Amid Shareholder Pressure, Bayer AG Makes Formal $62 Billion Bid for Monsanto

Published: May 24, 2016

Amid Shareholder Pressure, Bayer AG Makes Formal $62 Billion Bid for Monsanto May 23, 2016
By Mark Terry, Breaking News Staff

After rumors on May 12 went public that Bayer AG was considering an acquisition of Monsanto , investors and stockholders pushed for more information. In response, Bayer released details about its private proposal to acquire Monsanto today.

Bayer has, indeed, made an all-cash offer for all issued and outstanding Monsanto common stock for $122, which has an total value of about $62 million (US). This is a 37 percent premium over Monsanto’s closing share price of $89.03 on May 9, 2016.

“We have long respected Monsanto’s business and share their vision to create an integrated business that we believe is capable of generating substantial value for both companies’ shareholders,” said Werner Baumann, chief executive officer of Bayer AG, in a statement. “Together we would draw on the collective expertise of both companies to build a leading agriculture player with exceptional innovation capabilities to the benefit of framers, consumers, our employees and the communities in which we operate.”

The bid came only three weeks after Baumann stepped into the job as Bayer chief executive. At least one major shareholder criticized the bid as “arrogant empire-building,” according to Reuters.

In a conference call, Baumann said, “We fully expect a positive answer of the Monsanto board of directors,” and responded to criticism as “an uneducated reaction in the media.”

At least one analyst feels that the current bid may not have much room for negotiation. “The price that has now been disclosed is at the upper limit and it is just about economical,” Marcus Manns, a fund manager at Union Investment, told Reuters. “Should it rise further, which is to be assumed, the takeover will become increasingly unattractive.”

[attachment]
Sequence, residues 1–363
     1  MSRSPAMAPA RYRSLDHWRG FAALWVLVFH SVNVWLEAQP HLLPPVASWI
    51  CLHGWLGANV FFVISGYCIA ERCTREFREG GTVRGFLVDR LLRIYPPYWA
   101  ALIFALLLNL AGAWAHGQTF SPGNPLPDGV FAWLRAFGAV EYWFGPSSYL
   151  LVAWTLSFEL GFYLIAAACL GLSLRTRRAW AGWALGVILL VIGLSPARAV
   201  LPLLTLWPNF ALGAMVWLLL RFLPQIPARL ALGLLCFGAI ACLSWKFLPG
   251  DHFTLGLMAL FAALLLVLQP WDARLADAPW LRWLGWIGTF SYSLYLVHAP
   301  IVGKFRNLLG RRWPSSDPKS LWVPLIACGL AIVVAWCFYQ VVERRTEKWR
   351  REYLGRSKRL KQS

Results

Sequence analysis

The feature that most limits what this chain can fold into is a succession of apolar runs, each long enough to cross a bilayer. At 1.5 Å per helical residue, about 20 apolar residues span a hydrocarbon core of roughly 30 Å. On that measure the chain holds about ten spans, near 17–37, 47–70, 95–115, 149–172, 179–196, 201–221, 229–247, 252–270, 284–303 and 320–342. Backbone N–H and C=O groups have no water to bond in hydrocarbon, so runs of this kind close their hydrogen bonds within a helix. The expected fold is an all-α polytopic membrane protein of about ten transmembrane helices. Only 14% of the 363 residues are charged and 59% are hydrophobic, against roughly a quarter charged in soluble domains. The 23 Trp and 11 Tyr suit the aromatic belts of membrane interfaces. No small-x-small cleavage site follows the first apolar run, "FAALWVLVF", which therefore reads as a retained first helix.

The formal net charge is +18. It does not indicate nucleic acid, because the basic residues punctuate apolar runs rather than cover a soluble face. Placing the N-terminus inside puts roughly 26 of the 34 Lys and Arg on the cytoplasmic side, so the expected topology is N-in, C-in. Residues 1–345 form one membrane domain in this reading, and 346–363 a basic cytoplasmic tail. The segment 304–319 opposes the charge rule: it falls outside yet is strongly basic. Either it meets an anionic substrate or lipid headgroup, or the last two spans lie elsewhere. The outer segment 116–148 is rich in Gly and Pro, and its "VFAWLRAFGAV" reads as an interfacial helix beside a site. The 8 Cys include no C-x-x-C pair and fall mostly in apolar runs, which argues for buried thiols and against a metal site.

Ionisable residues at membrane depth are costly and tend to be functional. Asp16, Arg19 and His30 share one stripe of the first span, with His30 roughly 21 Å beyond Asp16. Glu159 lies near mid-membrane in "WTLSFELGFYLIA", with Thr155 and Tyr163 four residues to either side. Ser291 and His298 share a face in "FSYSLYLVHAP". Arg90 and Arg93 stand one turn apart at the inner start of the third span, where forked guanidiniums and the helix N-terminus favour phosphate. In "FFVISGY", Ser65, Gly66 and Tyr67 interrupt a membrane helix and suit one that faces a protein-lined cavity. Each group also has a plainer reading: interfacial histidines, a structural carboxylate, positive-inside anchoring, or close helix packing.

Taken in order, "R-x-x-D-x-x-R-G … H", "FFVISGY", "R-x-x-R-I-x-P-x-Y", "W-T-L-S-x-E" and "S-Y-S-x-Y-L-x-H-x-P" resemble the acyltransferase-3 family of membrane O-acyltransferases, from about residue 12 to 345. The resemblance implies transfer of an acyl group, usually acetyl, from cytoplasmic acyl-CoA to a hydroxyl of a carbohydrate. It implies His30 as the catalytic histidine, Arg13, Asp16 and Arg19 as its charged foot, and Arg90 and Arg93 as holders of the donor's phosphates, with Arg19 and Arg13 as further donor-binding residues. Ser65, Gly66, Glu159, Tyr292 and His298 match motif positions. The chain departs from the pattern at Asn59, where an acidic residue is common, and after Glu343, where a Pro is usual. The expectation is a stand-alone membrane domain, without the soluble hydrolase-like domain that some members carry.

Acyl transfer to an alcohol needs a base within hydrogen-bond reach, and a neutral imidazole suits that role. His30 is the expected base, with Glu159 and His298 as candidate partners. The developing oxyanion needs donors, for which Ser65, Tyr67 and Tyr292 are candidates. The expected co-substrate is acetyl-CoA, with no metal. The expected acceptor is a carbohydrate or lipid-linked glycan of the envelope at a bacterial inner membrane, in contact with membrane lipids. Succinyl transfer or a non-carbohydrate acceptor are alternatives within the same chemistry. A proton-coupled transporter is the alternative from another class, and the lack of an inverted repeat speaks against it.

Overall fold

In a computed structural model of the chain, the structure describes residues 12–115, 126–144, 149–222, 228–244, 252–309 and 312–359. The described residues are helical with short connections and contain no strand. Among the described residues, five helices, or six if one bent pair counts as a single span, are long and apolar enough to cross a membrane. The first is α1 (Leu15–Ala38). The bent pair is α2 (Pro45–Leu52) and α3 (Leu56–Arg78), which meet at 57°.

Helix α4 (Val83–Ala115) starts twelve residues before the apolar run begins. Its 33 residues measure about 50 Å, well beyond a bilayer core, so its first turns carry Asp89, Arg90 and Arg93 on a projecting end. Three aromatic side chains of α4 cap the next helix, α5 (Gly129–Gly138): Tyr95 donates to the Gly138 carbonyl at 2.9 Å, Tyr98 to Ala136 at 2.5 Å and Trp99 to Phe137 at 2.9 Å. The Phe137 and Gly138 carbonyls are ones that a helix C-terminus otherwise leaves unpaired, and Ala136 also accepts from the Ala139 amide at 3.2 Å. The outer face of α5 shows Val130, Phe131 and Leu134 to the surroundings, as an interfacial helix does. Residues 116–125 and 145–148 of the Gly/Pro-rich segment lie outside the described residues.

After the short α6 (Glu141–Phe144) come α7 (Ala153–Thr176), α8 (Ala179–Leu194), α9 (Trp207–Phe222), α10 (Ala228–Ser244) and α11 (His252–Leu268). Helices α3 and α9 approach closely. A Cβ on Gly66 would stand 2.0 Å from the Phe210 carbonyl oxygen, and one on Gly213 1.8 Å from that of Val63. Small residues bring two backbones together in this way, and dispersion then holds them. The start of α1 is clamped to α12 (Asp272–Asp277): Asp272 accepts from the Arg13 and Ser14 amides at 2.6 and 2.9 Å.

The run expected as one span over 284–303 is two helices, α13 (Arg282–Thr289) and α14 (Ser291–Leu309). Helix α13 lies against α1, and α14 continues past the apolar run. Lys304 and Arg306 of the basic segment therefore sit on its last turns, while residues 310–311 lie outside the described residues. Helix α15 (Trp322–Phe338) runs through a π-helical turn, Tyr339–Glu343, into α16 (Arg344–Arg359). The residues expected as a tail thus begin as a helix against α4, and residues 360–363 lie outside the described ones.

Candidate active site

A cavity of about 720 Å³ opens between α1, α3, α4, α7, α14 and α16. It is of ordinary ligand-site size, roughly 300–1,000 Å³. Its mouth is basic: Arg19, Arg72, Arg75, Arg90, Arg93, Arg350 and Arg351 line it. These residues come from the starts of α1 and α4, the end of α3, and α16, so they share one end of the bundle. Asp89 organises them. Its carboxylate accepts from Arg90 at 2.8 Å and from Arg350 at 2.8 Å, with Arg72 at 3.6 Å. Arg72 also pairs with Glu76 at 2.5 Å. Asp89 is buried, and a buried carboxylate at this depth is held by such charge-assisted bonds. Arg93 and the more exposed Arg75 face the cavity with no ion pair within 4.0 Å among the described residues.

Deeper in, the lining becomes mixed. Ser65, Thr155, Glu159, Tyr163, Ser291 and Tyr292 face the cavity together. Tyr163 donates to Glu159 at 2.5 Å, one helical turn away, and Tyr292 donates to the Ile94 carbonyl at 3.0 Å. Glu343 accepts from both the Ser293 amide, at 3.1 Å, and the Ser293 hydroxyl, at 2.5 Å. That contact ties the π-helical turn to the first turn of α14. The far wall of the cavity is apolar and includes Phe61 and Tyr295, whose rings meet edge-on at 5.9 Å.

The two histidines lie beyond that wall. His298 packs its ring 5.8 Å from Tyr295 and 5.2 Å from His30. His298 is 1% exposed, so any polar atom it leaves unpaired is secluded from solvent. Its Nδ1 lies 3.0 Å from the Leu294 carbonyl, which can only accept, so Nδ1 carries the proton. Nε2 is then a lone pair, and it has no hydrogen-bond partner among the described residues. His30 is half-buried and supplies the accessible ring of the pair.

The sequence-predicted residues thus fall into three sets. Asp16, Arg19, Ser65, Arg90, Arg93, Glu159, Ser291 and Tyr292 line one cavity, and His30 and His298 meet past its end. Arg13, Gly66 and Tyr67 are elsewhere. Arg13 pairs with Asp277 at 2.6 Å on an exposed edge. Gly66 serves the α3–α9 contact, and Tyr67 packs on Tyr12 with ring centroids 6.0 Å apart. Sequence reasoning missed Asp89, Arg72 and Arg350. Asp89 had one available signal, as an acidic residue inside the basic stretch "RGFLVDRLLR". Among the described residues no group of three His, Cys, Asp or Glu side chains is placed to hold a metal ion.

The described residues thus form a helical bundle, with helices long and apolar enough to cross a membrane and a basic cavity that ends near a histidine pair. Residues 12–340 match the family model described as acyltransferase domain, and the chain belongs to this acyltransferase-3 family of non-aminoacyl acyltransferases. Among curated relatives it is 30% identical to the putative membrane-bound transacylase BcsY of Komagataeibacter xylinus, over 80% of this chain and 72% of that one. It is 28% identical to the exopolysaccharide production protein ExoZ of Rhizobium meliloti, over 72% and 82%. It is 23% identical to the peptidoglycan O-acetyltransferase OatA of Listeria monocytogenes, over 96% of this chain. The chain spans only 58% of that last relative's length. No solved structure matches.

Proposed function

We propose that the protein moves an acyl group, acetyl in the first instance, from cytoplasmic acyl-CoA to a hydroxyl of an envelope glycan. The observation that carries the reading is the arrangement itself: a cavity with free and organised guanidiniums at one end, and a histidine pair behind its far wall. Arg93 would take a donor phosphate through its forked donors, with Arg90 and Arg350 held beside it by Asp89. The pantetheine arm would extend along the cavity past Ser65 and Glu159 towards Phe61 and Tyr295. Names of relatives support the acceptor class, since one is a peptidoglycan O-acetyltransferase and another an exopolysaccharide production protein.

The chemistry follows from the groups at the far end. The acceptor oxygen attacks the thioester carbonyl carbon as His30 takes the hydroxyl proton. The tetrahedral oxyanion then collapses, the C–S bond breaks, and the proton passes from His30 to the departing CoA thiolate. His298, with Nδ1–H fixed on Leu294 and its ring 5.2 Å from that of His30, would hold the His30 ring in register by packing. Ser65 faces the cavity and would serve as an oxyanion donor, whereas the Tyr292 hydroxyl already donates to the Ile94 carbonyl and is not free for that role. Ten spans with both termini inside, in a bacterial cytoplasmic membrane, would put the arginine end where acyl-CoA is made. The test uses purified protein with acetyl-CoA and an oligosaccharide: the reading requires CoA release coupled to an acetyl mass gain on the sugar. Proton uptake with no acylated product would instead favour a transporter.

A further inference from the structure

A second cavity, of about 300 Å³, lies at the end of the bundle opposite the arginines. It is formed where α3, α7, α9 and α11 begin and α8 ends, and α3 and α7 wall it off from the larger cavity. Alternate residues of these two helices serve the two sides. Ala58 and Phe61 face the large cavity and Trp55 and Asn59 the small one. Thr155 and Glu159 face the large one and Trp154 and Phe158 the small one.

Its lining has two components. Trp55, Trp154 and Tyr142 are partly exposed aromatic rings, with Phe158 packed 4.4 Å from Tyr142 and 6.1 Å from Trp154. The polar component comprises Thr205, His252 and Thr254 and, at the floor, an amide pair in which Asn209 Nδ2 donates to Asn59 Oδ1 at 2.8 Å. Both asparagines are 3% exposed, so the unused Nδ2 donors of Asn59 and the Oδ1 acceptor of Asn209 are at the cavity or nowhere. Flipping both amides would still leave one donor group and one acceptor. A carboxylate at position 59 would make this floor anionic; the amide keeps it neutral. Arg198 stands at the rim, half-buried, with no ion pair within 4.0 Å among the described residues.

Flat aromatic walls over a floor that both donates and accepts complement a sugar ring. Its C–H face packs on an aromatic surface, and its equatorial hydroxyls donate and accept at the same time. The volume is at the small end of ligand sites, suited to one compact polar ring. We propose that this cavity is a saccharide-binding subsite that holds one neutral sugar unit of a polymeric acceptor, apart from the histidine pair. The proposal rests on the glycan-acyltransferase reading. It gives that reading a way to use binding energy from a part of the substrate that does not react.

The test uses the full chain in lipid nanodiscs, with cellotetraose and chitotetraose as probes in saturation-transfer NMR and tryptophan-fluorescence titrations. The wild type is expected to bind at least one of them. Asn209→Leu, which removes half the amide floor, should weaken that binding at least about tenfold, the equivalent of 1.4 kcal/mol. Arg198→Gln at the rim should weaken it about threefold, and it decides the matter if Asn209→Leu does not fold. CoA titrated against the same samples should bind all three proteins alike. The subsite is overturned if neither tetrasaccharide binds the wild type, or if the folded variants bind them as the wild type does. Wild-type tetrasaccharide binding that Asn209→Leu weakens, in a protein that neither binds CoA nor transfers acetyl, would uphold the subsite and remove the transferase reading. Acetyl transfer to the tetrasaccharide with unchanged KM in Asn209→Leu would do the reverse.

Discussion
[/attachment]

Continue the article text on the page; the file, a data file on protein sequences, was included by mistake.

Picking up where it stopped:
If the deal goes through, the merged companies’ seeds business and North American headquarters would be in St. Louis, which is Monsanto’s current headquarters. Pesticides and crop science businesses would be located in Germany. Digital farming would be based near San Francisco.

Monsanto employs about 20,000 people and makes seeds for fruits, vegetables and other crops, such as corn, soybeans and cotton. It also manufactures the weed-killer Roundup. Bayer employs about 117,000 people worldwide.

There has been major consolidation in the chemical and agribusiness industry lately. Midland, Michigan’s Dow Chemical is merging with Wilmington, Delaware-based DuPont to create DowDuPont. The merged companies will have a market capitalization of about $130 billion.

In February, the Chinese government-owned China National Chemical announced plans to buy Swiss-based Syngenta for $43 billion, which would create the world’s largest supplier of crop-protection products.

Monsanto has considered previous deals with Bayer, as well as Germany’s BASF. These deals ranged from full mergers to selling off business units, as well as joint ventures. Bayer proposed a full takeover of Monsanto in March, but Monsanto reportedly declined.

In 2015, Monsanto attempted to acquire Syngenta for $46.2 billion, but was declined.

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